Climate change affects all life on Earth, but no single answer or approach addresses every pressing concern. Questions and confusion about the topic swirl around government offices, community centers, boardrooms, and editorial desks as conflicting interests complete for attention.

How do we untangle the issues and shed the inaccuracies surrounding this hot topic?

During the past 25 years, the pace of research on climate change has quickened because of concern that human activity—not just climate change—could cause alterations of atmospheric temperatures leading to irreversible global damage.

To address this issue, atmospheric engineers Brian Lamb and George Mount created state-of-the-art instruments to measure climate change in hopes of reversing current global trends. From ground explorations to determine how much CO2 is sequestered by forests, to measuring the greenhouse gases emitted from crops and animal operations, to satellite views of atmospheric change, the scientists can reliably model climate change and its effects on future air pollution levels. The satellite work, funded by NASA, allows them to pinpoint the sources of pollutants, following them as they move through the atmosphere.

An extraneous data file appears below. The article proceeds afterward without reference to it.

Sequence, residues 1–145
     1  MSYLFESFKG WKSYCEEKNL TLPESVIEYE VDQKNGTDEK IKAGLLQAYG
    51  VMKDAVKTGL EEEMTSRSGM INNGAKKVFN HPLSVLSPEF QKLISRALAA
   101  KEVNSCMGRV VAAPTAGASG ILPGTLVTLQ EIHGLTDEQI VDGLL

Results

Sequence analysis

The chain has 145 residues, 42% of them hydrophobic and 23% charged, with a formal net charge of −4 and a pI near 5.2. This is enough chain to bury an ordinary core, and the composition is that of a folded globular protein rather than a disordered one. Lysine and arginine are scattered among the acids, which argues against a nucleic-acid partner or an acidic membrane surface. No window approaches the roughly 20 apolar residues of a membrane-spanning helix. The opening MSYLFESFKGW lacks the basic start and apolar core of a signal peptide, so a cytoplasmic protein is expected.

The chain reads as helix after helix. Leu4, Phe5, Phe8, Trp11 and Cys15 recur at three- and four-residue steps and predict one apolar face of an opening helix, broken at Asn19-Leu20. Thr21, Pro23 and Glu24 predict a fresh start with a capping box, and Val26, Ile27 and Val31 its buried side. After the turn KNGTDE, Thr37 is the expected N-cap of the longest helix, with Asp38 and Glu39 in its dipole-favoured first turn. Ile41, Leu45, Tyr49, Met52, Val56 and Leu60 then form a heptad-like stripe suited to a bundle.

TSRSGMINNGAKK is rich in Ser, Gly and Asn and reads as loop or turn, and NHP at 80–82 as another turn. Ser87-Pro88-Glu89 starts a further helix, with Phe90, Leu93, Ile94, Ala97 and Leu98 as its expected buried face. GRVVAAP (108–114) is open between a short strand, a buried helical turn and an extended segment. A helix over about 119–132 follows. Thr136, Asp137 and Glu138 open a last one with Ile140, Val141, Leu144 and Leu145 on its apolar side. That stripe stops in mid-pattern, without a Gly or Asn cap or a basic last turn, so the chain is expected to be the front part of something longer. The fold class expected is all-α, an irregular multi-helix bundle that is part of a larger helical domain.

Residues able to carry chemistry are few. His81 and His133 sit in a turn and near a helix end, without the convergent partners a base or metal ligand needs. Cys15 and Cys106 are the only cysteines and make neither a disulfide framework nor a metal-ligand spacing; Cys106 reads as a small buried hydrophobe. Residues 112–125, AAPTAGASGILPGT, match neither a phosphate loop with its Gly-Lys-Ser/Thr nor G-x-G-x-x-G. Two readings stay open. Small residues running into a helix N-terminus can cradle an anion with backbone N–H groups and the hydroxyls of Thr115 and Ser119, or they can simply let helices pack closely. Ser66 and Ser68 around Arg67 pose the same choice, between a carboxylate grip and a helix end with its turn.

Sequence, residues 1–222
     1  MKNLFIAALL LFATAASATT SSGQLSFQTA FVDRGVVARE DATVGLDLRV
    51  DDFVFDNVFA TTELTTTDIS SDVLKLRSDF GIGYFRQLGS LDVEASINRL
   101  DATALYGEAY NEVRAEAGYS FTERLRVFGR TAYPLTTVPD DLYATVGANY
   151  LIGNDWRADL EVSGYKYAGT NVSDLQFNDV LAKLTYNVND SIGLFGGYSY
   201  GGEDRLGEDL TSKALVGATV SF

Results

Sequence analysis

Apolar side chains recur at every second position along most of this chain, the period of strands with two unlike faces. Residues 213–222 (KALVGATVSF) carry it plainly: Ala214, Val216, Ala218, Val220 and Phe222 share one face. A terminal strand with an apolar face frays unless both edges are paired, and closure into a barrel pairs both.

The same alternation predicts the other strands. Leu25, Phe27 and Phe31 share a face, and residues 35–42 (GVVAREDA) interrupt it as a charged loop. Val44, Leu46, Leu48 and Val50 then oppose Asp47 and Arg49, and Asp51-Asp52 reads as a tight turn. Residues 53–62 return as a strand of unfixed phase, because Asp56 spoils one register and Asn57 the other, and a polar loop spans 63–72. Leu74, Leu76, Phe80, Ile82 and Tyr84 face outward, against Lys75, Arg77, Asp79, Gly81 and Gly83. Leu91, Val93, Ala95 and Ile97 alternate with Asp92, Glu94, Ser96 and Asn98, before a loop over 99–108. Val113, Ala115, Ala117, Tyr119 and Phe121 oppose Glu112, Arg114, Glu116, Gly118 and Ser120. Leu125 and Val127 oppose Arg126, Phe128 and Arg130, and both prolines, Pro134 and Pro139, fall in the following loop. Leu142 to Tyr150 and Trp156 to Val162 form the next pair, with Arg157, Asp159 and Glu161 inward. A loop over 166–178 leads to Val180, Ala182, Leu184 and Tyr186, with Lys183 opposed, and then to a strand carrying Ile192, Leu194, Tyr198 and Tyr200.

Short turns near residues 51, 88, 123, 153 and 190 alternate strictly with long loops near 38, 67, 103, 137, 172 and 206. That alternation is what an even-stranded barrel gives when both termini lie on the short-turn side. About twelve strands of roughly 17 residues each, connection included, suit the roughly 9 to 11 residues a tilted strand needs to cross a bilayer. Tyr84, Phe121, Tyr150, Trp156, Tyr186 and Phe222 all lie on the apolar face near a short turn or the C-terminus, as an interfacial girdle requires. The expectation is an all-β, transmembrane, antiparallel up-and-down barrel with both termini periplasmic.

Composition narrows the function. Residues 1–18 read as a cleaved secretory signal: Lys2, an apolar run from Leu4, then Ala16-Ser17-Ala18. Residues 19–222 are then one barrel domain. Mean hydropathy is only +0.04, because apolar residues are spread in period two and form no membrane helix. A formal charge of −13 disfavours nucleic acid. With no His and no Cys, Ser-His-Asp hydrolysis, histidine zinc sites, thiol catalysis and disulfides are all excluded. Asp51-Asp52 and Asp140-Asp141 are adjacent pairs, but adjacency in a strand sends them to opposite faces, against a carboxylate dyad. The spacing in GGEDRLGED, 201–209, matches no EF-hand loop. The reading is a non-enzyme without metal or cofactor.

Professors Lamb and Mount oversee a regional air-quality model called AIRPACT, tracking and predicting urban air pollution in the Pacific Northwest. They also use computer modeling to study how global warming will affect air quality in the region and throughout the country.

What will have the greatest impact on air quality during the next 45 years—increased greenhouse gas emissions or climate change? Efforts to monitor and improve air quality forecasting will have a significant impact on our understanding of the changes occurring in regional air quality in the near-term future.


Featuring: George Mount, Ph.D.

George Mount is director of the WSU Center for Environmental Research, Education, and Outreach, and a professor in the Department of Civil and Environmental Engineering. A member of the faculty since 1997, Dr. Mount is developing a NASA satellite (to launch January 2008) to measure carbon dioxide from space, and helped develop a NASA instrument to study air pollution from space. His research is funded primarily by NASA and the National Science Foundation. Dr. Mount received a doctorate in physics from the University of Colorado.

Featuring: Brian Lamb, Ph.D.

A WSU faculty member for more than 25 years, Brian Lamb is an international leader in the area of regional air-quality research. He and his collaborators led the development of the Biogenic Emission Inventory System, which the Environmental Protection Agency adopted as a tool to address ozone problems. Dr. Lamb’s work, particularly on biogenic trace gas emissions, is often cited. He was named the Boeing Distinguished Professor, Laboratory for Atmospheric Research in 1995, and in 2005 he was named a WSU Regents Professor. Dr. Lamb received his doctorate from the California Institute of Technology.